Washington (CNN) - A new national poll indicates that a majority of Americans don't like what they've heard so far about congressional Republicans' plans to change Medicare.
According to a CNN/Opinion Research Corporation survey, a majority also don't think the GOP has cooperated enough with President Barack Obama and, for the first time since they won back control of the House last November, the number of Americans who say that Republican control of the chamber is good for the country has dropped below the 50 percent mark.
The poll indicates that 58 percent of the public opposes the Republican plan on Medicare, with 35 percent saying they support the proposal. The survey's Wednesday release comes as the president met with House Republicans to discuss, among other things, Medicare reform.
The House Republican 2012 budget, authored by Rep. Paul Ryan of Wisconsin, passed the chamber in April without a single Democratic vote and included a proposal to overhaul Medicare. Under the plan, the government would no longer directly pay medical costs for those 55 and younger, but instead would offer subsidies for seniors to use to get private health insurance coverage.
"Half of those we questioned say that the country would be worse off under the GOP Medicare proposals and 56 percent think that GOP plan would be bad for the elderly," says CNN Polling Director Keating Holland. "Opposition is highest among senior citizens, at 74 percent, suggesting that seniors are most worried about changes to Medicare even if those changes are presented as ones that would not affect existing Medicare recipients."
"A majority of all demographic groups don't favor the GOP Medicare proposals," Holland adds. "That includes conservatives - 54 percent of them don't like the plan. As a result, rank-and-file Republicans are split right down the middle, with 48 percent favoring the GOP plan and 50 percent opposed."
The poll is another sign that the House Republicans’ Medicare proposal could be politically damaging to the party. Last week the Democrats won a special election to fill a vacant House seat in New York's 26th congressional district, which the GOP held for over a generation. The Ryan Medicare plan became a major issue in the race, with both the Democratic and Republican candidates, the party committees and outside organizations spending millions of dollars to run ads that focused on Medicare.
Democrats say their victory is proof the House GOP plan is unpopular with Americans, and see the results in New York 26 as a testing ground for next year's elections. But national Republicans disagree, saying the reason they lost the contest was due to the inclusion of the third party candidate, a former Democrat who ran as a so-called tea party candidate.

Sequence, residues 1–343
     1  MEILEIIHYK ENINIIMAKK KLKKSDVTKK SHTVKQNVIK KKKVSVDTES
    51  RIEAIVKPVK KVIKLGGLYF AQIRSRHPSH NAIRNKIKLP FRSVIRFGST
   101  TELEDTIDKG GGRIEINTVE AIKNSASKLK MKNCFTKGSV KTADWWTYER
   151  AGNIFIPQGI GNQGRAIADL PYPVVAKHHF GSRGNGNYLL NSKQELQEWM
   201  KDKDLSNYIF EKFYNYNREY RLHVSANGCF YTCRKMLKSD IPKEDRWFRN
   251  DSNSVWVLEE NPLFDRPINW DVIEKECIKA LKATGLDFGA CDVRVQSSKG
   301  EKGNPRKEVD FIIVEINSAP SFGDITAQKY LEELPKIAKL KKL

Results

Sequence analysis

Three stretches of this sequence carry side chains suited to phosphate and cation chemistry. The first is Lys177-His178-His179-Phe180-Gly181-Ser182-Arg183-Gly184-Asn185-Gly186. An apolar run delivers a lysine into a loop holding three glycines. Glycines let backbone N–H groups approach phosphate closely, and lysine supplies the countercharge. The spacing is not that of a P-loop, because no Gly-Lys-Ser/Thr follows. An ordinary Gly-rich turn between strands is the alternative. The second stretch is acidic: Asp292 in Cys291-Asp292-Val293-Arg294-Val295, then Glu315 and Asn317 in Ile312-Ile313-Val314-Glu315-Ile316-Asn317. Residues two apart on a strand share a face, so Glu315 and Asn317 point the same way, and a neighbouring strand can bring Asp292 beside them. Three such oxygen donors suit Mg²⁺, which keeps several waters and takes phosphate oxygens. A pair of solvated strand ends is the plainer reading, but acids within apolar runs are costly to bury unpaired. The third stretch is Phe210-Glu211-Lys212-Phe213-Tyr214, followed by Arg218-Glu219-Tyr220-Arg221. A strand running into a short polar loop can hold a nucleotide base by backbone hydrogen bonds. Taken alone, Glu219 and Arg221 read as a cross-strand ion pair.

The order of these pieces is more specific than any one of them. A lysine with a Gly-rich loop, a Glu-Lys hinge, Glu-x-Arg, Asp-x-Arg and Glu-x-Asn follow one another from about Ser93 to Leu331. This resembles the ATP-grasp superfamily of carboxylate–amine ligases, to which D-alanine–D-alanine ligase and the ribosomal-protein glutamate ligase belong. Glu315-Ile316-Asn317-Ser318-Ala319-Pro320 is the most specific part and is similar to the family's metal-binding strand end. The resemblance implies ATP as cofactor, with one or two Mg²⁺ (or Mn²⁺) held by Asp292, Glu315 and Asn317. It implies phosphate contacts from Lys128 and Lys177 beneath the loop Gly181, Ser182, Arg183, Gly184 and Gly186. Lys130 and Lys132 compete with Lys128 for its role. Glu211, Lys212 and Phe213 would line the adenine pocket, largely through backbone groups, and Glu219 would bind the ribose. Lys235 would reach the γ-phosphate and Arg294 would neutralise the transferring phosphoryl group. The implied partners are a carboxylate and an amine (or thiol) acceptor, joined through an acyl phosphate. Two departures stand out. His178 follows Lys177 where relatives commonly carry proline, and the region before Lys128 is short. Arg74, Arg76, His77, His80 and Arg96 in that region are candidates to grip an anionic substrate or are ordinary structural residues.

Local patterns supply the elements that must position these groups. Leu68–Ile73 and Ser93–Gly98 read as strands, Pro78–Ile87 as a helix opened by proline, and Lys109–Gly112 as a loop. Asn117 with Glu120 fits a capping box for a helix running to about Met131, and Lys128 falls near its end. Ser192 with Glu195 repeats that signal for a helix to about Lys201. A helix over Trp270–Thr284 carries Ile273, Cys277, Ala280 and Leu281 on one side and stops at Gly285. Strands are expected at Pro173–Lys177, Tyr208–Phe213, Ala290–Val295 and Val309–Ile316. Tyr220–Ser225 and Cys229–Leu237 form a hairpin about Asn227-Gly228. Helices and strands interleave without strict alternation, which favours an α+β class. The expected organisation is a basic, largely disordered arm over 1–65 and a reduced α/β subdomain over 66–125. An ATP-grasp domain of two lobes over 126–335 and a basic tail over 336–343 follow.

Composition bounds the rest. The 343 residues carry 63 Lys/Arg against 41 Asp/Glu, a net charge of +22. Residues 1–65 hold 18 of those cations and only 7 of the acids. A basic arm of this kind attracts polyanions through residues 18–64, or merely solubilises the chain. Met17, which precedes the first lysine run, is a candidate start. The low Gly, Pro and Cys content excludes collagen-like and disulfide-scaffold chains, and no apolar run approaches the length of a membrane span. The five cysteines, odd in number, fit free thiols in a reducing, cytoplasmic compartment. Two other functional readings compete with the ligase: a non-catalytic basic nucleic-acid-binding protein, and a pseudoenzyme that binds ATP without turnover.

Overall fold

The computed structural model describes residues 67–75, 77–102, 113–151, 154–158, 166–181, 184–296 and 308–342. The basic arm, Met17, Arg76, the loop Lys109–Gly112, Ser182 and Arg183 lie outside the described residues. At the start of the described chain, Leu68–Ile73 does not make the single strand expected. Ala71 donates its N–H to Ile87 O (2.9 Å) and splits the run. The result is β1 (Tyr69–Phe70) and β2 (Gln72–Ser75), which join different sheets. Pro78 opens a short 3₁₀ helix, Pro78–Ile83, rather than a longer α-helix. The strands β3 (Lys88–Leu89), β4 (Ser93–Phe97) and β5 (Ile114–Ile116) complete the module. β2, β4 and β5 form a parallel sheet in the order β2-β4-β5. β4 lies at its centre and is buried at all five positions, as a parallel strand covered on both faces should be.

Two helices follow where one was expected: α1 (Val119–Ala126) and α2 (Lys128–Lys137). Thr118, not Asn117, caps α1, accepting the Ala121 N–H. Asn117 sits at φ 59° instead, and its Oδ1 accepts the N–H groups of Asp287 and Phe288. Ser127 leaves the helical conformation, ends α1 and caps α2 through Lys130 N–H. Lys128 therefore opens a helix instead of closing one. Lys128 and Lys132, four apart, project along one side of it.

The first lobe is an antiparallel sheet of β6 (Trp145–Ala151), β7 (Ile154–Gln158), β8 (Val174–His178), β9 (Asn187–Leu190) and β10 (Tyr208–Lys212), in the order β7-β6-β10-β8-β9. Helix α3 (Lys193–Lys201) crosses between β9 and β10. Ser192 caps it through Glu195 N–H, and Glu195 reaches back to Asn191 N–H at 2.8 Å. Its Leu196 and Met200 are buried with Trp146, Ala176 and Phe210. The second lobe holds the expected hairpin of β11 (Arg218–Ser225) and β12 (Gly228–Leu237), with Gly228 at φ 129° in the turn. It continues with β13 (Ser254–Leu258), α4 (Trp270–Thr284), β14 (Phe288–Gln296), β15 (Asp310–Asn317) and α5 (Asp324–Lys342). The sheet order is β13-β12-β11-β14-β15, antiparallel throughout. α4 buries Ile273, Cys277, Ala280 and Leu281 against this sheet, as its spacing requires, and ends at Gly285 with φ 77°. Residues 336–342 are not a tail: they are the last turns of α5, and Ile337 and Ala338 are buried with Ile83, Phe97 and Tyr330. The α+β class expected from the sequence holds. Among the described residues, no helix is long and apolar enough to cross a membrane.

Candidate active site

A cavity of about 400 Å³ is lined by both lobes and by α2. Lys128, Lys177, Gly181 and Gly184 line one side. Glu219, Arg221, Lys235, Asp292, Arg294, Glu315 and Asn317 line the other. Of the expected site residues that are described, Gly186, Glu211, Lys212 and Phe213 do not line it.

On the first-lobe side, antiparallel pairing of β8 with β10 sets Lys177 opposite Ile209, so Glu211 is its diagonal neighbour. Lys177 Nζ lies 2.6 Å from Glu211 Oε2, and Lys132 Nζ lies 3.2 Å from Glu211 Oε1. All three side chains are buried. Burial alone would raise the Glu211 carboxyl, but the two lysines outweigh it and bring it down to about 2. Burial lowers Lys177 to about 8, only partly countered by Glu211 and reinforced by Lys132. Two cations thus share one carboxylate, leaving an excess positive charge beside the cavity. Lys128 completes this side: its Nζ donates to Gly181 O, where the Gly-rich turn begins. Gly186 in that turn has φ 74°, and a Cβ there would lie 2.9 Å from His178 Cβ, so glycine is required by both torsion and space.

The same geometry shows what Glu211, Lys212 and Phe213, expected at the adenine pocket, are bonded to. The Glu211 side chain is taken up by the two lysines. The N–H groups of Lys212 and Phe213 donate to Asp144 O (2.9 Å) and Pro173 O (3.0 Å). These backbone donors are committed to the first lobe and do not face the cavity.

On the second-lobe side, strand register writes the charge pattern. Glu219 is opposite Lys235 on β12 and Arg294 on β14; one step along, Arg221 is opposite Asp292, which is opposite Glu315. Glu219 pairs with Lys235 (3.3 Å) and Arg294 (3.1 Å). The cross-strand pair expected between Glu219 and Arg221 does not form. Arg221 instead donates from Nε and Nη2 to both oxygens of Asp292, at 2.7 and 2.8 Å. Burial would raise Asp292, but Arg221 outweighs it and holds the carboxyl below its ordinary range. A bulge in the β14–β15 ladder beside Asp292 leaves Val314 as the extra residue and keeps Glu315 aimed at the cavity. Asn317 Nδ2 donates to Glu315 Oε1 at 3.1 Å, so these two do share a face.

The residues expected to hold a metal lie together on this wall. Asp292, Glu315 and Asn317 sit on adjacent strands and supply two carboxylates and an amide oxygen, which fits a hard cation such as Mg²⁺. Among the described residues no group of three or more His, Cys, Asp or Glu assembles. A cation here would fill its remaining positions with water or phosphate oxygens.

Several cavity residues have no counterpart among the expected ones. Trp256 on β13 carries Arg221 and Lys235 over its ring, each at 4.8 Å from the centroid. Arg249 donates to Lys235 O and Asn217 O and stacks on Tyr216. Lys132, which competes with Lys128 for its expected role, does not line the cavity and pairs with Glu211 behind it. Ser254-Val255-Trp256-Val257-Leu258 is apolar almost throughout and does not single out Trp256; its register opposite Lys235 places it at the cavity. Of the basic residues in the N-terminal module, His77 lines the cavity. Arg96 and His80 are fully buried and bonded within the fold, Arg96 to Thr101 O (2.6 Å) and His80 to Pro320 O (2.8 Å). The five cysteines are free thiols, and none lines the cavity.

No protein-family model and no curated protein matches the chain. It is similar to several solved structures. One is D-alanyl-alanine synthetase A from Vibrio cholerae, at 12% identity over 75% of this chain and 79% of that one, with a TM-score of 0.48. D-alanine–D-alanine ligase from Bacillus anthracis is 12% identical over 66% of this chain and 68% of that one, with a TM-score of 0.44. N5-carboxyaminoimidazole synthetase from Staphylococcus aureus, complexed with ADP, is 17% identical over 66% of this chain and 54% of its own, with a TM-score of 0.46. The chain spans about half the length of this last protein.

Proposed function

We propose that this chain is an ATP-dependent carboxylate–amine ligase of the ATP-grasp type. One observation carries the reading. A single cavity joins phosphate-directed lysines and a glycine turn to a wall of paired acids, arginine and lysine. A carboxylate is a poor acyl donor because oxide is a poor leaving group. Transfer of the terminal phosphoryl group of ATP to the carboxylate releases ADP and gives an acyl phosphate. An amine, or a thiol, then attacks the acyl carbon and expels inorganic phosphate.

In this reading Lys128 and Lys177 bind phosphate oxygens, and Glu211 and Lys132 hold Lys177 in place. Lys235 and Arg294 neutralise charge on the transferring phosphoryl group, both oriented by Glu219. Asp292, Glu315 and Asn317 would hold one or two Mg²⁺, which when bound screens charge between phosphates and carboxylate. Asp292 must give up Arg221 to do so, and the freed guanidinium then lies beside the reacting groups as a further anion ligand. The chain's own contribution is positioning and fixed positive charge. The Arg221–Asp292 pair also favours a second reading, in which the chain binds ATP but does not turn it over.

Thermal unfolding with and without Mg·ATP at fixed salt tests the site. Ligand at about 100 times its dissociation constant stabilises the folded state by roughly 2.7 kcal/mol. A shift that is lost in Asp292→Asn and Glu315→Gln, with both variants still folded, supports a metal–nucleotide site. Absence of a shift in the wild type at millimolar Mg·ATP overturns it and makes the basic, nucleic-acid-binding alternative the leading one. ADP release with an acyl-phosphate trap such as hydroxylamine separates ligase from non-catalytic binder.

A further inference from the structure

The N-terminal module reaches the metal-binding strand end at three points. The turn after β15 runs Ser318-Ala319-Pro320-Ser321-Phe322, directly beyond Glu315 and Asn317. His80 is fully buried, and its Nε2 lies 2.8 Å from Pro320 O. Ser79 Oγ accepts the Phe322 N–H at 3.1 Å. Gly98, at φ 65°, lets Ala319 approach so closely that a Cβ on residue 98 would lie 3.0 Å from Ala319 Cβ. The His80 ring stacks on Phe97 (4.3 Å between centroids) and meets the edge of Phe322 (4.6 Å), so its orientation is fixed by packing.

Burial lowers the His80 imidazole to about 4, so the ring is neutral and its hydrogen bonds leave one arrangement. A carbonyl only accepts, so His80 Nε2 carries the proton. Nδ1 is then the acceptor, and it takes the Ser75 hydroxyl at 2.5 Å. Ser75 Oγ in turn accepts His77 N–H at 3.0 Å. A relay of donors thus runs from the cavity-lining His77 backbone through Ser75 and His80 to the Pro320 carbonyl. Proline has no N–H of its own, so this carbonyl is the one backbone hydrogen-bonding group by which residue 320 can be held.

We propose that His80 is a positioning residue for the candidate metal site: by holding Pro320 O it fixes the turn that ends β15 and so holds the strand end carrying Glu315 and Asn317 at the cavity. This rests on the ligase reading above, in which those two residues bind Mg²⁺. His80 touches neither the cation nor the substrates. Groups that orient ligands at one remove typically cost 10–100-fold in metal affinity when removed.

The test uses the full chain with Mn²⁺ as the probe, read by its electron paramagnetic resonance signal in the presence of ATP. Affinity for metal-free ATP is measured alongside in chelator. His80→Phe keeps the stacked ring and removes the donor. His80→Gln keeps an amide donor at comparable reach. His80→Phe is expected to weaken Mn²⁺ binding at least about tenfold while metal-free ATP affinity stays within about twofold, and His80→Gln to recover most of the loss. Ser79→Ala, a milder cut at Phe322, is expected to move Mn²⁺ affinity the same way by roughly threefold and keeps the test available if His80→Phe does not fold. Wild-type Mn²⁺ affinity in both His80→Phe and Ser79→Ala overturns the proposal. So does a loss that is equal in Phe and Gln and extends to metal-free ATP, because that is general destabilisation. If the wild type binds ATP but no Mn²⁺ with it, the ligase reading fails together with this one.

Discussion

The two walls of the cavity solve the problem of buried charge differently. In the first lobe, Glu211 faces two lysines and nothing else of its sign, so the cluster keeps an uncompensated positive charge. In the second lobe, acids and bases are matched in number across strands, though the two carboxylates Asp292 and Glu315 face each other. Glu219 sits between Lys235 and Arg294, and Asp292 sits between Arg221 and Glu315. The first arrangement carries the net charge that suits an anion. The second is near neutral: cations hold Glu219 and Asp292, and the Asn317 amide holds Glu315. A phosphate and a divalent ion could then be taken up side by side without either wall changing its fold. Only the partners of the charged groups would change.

Last year, GOP leaders repeatedly attacked the health care reform law pushed through by Obama and congressional Democrats, arguing that it would weaken Medicare. Republican congressional candidates crushed their Democratic counterparts among voters age 65 and older in the midterms, carrying seniors by a 21-point margin, which helped the GOP win back the House with a 63-seat net gain.
Has the debate over Medicare made the public regret the outcome of the 2010 midterm elections, which put the GOP in charge of the U.S. House?
"Overall, a plurality still says that GOP control of the House is good for the country, but the margin on that question has narrowed from a 52 to 39 percent margin in November to just a 48 to 44 percent margin now," adds Holland.
And by roughly that same margin, Americans want Obama to have more influence over the direction the nation takes in the next few years, a view that has remained unchanged since the start of the year.
"The results of those two questions, taken together, suggest that in the 2010 election voters wanted to give the GOP enough power to act as a check on the Democrats, but did not vote to give the GOP a mandate to enact its entire agenda," says Holland.
The poll also indicates that most Americans continue to believe that Obama is doing enough to cooperate with the Republicans in Congress. But fewer than three in ten say that congressional Republicans are doing enough to cooperate with the president.
The CNN/Opinion Research Corporation poll was conducted May 24 through May 26, with 1,007 adult Americans questioned by telephone. The survey's overall sampling error is plus or minus three percentage points.
- CNN Deputy Political Director Paul Steinhauser contributed to this report.